State of the States: American Women Looking Strong; Men Searching For Identity Three Months Out From Worlds

Torri Huske & Ryan Murphy -- Photos Courtesy: Peter H. Bick & Giorgio Scala / Deepbluemedia / Insidefoto

State of the States: American Women Looking Strong; Men Searching For Identity Three Months Out From Worlds

Regan Smith is swimming faster than she ever has in-season, and that includes the spring of 2019 which preceded a two-world-record performance at the World Championships. Abbey Weitzeil is once again swimming like one of the top sprinters in the world after missing the top U.S. squad last year. Lydia Jacoby has returned to her pre-Olympics form, and she and Lilly King form a robust 1-2 combination in sprint breaststroke. Teenagers Katie Grimes, Leah Hayes, Bella Sims, Erin Gemmell and Claire Weinstein have all putting together fast performances. Katie Ledecky is, well, Katie Ledecky.

Add in college swimming standouts yet to race long course this year — three-time NCAA champion Kate Douglass, 200 IM world champion Alex Walsh, 100 butterfly world champion Torri Huske and the multi-talented Claire Curzan, the latter two Stanford swimmers the centerpieces of all U.S. women’s sprint relays in 2022 — and the American women sit in fine shape three months out from the World Championships in Fukuoka, Japan.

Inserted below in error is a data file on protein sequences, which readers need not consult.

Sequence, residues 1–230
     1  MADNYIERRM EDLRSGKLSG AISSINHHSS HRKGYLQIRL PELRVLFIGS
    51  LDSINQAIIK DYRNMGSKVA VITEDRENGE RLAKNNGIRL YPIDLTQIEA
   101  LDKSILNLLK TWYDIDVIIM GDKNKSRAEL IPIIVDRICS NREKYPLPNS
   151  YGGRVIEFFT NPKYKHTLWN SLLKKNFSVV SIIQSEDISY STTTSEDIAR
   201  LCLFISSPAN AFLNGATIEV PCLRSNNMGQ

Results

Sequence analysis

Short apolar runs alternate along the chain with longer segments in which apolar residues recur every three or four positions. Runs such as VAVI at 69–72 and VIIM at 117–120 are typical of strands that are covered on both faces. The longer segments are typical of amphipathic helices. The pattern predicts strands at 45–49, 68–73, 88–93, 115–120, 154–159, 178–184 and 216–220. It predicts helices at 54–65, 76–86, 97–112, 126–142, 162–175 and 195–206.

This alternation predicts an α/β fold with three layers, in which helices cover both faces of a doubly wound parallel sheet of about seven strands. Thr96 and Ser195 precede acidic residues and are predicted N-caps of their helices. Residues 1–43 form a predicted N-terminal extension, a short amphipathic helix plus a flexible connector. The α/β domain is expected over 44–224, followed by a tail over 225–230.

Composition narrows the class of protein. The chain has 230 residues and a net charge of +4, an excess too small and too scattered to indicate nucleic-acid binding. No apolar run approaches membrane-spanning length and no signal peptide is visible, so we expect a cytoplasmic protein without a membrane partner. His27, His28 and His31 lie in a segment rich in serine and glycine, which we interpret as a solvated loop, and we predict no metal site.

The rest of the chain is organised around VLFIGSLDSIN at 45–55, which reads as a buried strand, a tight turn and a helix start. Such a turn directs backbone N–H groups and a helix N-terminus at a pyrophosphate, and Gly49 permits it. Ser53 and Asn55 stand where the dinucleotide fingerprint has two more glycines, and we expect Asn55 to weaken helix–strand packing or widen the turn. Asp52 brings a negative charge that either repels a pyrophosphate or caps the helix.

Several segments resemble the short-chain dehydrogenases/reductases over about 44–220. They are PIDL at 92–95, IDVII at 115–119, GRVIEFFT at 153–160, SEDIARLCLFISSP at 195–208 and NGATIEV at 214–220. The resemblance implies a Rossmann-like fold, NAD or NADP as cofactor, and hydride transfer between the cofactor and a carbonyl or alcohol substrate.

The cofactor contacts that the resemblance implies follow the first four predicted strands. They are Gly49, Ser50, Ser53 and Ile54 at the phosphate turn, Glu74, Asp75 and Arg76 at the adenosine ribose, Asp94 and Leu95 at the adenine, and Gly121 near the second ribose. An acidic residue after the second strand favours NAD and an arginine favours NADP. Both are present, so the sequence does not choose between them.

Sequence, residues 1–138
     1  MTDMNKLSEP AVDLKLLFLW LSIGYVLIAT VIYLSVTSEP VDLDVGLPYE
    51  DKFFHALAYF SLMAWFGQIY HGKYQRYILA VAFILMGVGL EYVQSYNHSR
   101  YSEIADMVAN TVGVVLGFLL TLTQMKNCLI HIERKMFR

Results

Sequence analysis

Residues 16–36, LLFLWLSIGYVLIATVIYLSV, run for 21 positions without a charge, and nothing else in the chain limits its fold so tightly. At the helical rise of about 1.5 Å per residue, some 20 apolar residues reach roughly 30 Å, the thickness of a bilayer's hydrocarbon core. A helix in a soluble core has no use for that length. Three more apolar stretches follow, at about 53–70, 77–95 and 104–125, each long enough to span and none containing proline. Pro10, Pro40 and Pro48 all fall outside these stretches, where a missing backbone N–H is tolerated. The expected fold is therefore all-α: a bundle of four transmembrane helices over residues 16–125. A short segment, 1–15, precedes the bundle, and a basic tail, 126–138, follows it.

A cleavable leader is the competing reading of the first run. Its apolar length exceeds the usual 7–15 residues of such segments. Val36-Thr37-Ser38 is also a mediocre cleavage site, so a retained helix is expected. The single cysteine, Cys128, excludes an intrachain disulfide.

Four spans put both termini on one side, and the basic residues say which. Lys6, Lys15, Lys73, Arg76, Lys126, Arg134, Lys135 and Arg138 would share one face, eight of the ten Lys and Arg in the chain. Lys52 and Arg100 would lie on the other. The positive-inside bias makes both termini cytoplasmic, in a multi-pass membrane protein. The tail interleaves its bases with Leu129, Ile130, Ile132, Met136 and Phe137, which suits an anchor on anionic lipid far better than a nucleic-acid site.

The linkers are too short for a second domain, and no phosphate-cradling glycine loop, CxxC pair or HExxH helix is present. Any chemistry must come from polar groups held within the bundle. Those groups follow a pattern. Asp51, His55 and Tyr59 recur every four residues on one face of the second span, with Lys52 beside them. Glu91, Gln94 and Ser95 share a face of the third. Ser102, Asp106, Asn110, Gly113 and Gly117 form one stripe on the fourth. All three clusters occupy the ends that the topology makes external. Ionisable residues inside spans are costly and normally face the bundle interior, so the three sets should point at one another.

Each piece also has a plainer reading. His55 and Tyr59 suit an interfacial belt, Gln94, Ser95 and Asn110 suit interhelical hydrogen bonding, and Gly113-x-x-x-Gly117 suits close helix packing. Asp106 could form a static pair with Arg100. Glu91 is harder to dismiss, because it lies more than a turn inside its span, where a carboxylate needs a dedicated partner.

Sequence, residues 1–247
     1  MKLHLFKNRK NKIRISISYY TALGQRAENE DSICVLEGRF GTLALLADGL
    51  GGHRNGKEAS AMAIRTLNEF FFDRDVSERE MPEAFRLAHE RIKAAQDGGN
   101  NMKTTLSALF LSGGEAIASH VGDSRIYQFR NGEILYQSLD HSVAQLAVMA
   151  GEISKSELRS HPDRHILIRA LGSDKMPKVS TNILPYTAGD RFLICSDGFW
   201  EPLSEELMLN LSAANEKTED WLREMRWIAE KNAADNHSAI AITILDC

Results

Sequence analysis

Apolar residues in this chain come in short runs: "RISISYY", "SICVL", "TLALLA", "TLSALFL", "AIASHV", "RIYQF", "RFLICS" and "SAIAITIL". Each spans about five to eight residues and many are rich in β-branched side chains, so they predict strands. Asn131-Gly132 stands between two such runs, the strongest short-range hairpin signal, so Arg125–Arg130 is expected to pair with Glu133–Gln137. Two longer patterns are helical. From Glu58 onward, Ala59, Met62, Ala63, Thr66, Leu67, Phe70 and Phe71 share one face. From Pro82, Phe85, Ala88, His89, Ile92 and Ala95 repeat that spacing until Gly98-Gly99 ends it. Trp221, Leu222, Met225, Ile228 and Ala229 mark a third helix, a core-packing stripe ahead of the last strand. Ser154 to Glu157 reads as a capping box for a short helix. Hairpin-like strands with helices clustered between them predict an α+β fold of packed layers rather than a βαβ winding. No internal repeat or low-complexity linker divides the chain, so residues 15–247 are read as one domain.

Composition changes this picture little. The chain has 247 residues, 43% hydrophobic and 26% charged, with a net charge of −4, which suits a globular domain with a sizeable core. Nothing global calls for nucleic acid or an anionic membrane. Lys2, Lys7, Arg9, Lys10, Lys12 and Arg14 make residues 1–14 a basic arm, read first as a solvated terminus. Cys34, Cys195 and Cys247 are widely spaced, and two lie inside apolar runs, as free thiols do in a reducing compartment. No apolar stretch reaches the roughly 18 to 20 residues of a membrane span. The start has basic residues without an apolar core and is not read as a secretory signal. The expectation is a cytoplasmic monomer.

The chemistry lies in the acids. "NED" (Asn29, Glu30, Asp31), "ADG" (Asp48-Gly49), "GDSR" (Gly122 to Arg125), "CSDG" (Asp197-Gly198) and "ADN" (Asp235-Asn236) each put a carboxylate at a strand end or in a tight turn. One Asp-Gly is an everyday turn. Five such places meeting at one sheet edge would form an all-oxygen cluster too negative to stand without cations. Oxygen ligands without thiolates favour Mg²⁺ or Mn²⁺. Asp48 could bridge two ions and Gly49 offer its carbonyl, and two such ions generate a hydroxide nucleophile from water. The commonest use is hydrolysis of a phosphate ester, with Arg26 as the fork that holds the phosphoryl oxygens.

The U.S. team will face exceptional competition, particularly from Canadian teenager Summer McIntosh and the entire Australian contingent, but there should be at least one U.S. medal contender in every women’s Olympic event, with the possible exception of the 200 freestyle. There will be plenty of gold-medal chances, including in relays.

But how about the male contingent that will represent the Stars and Stripes in Fukuoka? There are some glaring holes, and the team selected at the upcoming U.S. Nationals in Indianapolis could be one of the weaker rosters in recent memory.

Sure, there will be bright spots. The backstroke events are always strong, with Ryan Murphy looking like the world’s premier 200 backstroker as long as Evgeny Rylov is absent from the global stage, and Murphy and Hunter Armstrong are likely to lead the way in the 100 back. Bobby Finke has built his legend as the fast-finishing lurker in the distance races, always capable of running down a more heralded competitor.

Carson Foster is becoming a dependable individual medley force, although keeping pace with Leon Marchand would be a nearly-insurmountable challenge for anyone, and Nic Fink will look to continue his late-career exploits as a breaststroke medal threat.

After that? A lot of question marks.

Shaine Casas of United States of America stands with the silver medal after compete in the 200m Backstroke Men Final during the FINA Swimming Short Course World Championships at the Melbourne Sports and Aquatic Centre in Melbourne, Australia, December 18th, 2022. Photo Giorgio Scala / Deepbluemedia / Insidefoto

Shaine Casas — Photo Courtesy: Giorgio Scala / Deepbluemedia / Insidefoto

Perhaps Shaine Casas can deliver on his immense potential at a major meet, with three individual medals a real possibility between the 200 back, 200 IM and 100 fly. But he has never raced anything aside from backstroke internationally. Michael Andrew won three individual medals at the last World Championships (plus a fourth-place finish), but his start to 2023 has been unimpressive.